Poison oak is a toxic plant that produces urushiol oil, which can give those who come into contact with it a serious rash. The rash can last for up to two weeks and may result in open sores, blisters, pain and severe itching treatable only with prescription-strength topical steroids. Contact with upholstered fabric that has urushiol oil on it can also result in a reaction, so it is imperative to treat the fabric to remove the oil. Oil can spread to fabric that is touched by contaminated skin, clothes or tools. Pet fur can also transmit the oil, which can stay 100 percent potent for several years.
Things You'll Need
- Urushiol Oil Remover
- Protective Gloves
- Laundry Detergent
Put on protective gloves and put the upholstered fabric in a bucket.
Pour urushiol oil remover directly onto the fabric until it is soaking wet. Urushiol oil remover is a liquid product that cleanses oil from a surface. There are several brands, most of which are available from your local hardware store. Follow the package directions to determine the amount to use, which varies by brand.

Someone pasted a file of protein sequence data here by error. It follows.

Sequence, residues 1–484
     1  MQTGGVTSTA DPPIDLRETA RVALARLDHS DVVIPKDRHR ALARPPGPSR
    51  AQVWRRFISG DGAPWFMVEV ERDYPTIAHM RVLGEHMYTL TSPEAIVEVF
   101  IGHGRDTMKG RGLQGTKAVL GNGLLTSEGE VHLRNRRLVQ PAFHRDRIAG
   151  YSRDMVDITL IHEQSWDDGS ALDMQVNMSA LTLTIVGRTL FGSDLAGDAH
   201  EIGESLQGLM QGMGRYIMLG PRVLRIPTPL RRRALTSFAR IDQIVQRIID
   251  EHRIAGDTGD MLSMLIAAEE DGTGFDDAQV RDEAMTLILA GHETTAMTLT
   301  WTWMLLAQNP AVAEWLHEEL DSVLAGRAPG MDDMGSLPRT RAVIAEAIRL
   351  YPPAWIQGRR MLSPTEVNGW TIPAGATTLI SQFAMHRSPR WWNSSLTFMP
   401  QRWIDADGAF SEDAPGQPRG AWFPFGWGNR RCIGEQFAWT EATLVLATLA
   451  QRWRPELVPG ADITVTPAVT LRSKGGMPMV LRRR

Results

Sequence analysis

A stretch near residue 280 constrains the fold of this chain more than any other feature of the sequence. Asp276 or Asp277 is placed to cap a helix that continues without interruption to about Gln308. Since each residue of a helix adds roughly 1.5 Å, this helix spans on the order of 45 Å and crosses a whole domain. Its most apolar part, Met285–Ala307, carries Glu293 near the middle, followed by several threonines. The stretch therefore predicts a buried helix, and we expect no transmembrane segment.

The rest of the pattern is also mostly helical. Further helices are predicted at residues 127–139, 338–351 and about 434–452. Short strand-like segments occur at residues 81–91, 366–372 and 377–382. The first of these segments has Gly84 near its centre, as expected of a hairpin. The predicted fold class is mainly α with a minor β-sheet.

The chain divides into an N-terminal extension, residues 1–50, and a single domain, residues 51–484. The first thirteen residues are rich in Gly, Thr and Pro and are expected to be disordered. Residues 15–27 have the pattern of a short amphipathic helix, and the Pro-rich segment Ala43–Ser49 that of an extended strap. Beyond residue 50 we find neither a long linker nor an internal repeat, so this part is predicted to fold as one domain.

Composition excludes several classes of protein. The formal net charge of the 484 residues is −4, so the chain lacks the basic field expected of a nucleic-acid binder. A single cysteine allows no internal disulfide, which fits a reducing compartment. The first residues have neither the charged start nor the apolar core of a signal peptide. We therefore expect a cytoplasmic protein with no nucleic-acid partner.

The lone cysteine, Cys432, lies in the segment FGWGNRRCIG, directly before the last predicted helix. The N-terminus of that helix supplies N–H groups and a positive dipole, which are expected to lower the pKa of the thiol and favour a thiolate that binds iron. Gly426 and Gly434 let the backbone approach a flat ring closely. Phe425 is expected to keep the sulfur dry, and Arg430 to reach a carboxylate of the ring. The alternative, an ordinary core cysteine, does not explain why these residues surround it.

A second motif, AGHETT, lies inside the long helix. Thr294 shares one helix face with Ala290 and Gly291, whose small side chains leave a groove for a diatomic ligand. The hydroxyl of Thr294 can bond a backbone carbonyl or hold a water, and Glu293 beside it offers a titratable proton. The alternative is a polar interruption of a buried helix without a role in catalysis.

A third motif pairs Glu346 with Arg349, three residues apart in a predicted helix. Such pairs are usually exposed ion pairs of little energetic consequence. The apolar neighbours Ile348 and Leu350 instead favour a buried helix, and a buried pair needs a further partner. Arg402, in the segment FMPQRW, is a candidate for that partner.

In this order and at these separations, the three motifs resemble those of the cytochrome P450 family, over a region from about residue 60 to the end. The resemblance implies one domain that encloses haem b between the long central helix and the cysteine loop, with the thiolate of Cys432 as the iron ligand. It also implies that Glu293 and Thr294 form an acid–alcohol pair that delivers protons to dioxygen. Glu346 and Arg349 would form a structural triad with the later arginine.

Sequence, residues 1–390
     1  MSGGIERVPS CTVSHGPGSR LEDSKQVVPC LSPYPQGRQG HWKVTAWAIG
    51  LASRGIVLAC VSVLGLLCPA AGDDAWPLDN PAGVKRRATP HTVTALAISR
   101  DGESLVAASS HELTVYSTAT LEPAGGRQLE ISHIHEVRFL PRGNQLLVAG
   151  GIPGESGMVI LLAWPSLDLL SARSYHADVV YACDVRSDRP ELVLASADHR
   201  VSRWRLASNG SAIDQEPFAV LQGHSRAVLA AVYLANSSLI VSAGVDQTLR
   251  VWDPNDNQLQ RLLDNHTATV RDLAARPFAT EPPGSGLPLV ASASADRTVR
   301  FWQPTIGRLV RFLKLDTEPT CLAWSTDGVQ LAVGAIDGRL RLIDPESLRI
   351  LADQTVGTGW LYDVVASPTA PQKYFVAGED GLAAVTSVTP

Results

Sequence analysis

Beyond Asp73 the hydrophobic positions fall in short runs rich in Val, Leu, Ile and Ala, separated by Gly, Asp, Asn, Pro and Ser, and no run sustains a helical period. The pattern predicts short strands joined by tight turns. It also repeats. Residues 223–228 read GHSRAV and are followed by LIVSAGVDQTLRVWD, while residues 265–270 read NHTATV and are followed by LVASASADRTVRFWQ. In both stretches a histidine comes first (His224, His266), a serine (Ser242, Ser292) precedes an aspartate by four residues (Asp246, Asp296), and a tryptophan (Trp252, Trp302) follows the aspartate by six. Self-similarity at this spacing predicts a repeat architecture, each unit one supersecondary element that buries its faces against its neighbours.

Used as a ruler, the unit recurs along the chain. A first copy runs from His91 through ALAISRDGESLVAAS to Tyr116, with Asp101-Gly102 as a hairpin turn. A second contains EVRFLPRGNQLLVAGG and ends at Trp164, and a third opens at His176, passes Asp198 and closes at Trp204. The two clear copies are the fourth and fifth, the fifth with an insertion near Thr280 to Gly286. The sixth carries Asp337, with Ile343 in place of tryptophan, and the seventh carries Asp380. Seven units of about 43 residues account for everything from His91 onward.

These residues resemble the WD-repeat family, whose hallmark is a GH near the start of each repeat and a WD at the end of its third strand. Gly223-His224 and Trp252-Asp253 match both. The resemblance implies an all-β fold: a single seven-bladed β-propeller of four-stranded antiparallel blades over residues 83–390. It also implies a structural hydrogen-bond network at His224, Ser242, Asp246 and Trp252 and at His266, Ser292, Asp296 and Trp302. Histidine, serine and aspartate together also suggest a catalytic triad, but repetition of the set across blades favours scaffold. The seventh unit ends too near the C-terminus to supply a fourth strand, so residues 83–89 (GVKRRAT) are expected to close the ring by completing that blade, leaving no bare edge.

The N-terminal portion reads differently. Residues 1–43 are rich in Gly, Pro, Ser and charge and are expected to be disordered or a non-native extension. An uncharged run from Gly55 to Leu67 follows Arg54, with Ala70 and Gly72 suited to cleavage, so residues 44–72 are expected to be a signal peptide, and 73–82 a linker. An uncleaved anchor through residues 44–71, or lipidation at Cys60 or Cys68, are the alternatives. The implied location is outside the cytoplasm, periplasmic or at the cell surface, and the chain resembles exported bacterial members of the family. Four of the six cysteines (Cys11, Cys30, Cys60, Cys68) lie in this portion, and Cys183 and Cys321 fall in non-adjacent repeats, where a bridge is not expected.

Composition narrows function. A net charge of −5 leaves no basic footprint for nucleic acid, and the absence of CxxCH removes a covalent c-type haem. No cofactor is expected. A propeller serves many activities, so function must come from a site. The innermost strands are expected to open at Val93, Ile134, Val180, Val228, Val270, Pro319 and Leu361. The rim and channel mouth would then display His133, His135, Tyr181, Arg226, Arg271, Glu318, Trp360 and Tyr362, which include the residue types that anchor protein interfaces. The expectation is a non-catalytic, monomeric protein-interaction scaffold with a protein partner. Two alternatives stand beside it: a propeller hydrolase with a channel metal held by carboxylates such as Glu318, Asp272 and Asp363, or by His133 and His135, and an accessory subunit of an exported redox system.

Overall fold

Let the fabric soak for five minutes. If the fabric is on a piece of furniture and you cannot remove it, pour the urushiol oil remover directly onto the contaminated spot and let it soak for the same amount of time.
Put the fabric in the washer and wash it with laundry detergent as you normally would. Do not put any other articles in the washer. If you are treating a piece of furniture or other item that cannot go in the washer, rinse out the urushiol oil remover with a garden hose.
Based in Richmond, Va., Dawn Gibbs writes about topics such as history, fashion, literature, crafts, alternative medicine and healthy living. Her work has appeared on GreenDaily.com and several style websites. Gibbs holds a Bachelor of Arts in history from Virginia Commonwealth University.